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Everyone Needs to Play: Tips to Create an Inclusive and Accessible Facility for Your Community

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Parks and recreational facilities provide a space for physical fitness, fun, and community building. However, certain facilities may not consider how accommodating their facilities and green spaces are for communities with disabilities. In honor of National Disabilities Awareness Month, we’re spotlighting inclusivity and accessibility in the parks and recreation space; a current hot topic in the industry. To aid us in this topic, we spoke with Joe DelViscio, owner of EmpowerU Specialty Fitness, where he provides fitness training for individuals with disabilities. His company was created after his daughter was diagnosed with Down Syndrome. Once he learned that there are very few health and fitness programs for adults with disabilities, EmpowerU Specialty Fitness was born with its one of its missions to create more inclusive spaces around fitness for all people.


Of our webinar attendees, 58% admitted that they have been personally impacted or their members have been impacted by a lack of accessibility in their fitness facility.

No one likes to feel “othered” and this can be a common feeling in marginalized communities when spaces they try to occupy don’t make them feel welcomed. An inclusive facility benefits all members as it can:

  • Boost morale as they feel your willingness to listen to people of all abilities
  • Improve their mental health as members of this marginalized community laugh more, have fun, and boost their self-esteem
  • Promote social justice and increases their access to resources that reduce stigmas and discrimination
  • Foster diversity socializing of people with different backgrounds
  • Increase cognitive development as members learn from others and begin to think in new ways they couldn’t before


The first thing you’ll need to build an accessible facility are accessible features. This includes ramps, elevators, accessible parking spaces, accessible restrooms, effective communication strategies like braille signs, and accessible websites that offer a talk-to-text feature for e-readers.

You’ll also need more accessible play equipment, and this can be separated into two categories: sports and park equipment.

Accessible sports equipment includes:

  • Wheelchair basketball chairs
  • Handcycles
  • Pool lift chairs
  • Adaptive rowing machines

Accessible park equipment includes:

  • Swings with harnesses
  • Wheelchair-accessible merry-go-rounds
  • Sensory play equipment
  • Accessible climbing structures and play panels like rubberized play mats

The road towards accessibility doesn’t stop at equipment; training and educating the staff on disability awareness is what Joe called the “missing link” between a facility’s exclusive present and its inclusive future. Of our webinar attendees, 71% of them said that education was the least prevalent accessibility measure used in facilities; 21% said stairlifts and 8% said accessible parking.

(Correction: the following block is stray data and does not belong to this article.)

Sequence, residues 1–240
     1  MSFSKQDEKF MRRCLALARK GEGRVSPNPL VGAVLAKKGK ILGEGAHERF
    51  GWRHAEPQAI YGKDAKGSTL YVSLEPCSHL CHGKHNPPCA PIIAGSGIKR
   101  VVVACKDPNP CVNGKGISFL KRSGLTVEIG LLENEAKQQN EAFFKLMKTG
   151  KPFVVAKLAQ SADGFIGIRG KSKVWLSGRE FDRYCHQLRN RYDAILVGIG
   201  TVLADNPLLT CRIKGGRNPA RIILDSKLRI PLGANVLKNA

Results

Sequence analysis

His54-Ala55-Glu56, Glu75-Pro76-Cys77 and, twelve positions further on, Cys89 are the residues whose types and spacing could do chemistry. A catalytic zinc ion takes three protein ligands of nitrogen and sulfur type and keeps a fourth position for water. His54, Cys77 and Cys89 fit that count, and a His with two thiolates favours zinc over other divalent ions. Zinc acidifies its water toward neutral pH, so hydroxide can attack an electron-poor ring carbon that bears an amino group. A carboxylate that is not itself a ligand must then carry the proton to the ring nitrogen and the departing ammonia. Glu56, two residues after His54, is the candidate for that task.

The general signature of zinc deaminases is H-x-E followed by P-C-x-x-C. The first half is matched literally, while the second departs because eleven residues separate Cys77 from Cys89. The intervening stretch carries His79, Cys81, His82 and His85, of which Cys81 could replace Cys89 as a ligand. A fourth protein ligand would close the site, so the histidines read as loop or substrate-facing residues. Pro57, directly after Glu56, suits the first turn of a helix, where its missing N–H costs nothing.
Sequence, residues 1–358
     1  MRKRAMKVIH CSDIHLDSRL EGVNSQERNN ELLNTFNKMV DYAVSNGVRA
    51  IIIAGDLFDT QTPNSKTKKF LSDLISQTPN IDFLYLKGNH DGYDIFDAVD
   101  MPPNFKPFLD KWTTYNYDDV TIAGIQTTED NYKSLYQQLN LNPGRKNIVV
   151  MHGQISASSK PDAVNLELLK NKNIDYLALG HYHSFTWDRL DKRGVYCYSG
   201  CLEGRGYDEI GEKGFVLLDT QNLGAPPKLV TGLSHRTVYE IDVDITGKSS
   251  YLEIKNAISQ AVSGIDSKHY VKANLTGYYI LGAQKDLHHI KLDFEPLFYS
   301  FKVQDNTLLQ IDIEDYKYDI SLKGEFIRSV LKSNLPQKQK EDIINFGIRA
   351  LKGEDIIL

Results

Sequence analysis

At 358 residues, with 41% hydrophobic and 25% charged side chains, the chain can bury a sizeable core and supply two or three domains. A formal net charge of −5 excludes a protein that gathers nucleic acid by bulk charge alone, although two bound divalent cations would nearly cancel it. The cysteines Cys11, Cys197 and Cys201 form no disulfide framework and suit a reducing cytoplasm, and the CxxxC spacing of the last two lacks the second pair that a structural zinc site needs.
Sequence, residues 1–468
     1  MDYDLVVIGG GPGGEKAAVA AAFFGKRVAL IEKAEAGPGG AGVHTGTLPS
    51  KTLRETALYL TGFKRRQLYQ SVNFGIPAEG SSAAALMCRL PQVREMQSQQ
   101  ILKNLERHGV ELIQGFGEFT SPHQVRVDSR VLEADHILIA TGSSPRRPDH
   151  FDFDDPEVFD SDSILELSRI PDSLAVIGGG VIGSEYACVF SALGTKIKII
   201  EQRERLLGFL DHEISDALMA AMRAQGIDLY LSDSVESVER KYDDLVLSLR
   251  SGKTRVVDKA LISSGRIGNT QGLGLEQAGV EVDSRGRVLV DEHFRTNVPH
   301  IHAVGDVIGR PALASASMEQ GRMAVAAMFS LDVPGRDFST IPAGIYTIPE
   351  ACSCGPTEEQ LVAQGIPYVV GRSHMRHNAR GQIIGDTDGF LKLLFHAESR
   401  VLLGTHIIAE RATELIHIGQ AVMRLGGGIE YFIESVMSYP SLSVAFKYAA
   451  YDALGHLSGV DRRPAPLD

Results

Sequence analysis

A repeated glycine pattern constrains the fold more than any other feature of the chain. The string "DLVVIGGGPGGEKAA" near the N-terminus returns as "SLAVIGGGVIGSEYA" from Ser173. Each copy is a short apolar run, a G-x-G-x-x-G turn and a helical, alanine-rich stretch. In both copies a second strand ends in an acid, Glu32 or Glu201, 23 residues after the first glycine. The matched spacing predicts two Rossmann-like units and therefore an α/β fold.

Joe suggested that training and education should include:

  • Disability etiquette and disability rights – people with disabilities don’t want to be treated differently
  • Hands-on training on how to use accessible equipment – so staff can properly help the community they are serving
  • Accessible workout programs – workouts that all people can do or that include modifications
  • Having more face-to-face time – for those who are rarely around this community, this can decrease their nervousness and normalize the connection between them


Now that we understand why inclusion and accessibility matter from a DEI perspective, let’s understand how these changes can help your facility grow. It can attract a wider range of customers who are often left out of the design processes and are rarely marketed too. This will also make your facility more unique and stand out from your competitors, which is key to maintaining any business. You’ll improve customer satisfaction for people with and without disabilities. Joe calls this a “huge differentiator” because you’re able to provide service for everyone, and people outside of this community will feel like the facility they are going to is making a difference. This also creates a positive brand image that increases customer loyalty and reputation because you’re showing that your facility is innovative and doing the work to support DEI efforts. Additionally, an inclusive facility reduces liability by ensuring you meet all relevant accessibility and safety standards.


People with disabilities make up 26% of our population and deserve to be included in all spaces. To truly feel and experience this inclusion facilities must work to increase their accessibility efforts.

When looking to change your facility, it’s important to note that you can start will small changes like educating the staff, modifying programs, and increasing face-to-face time with the community you’re trying to include. Not only will you begin to increase your customer base and heighten your brand image, but people with disabilities will begin to feel more welcome in your space and honor your commitment to change.

Watch our webinar with Coach Joe to learn more about creating an inclusive and accessible environment in your facilities.


Easily execute accessible changes in your facility by reading the ADA’s accessibility design standards document.

Have more questions about accessibility and inclusion at your facility?

Contact Joe at [email protected] or visit his website.

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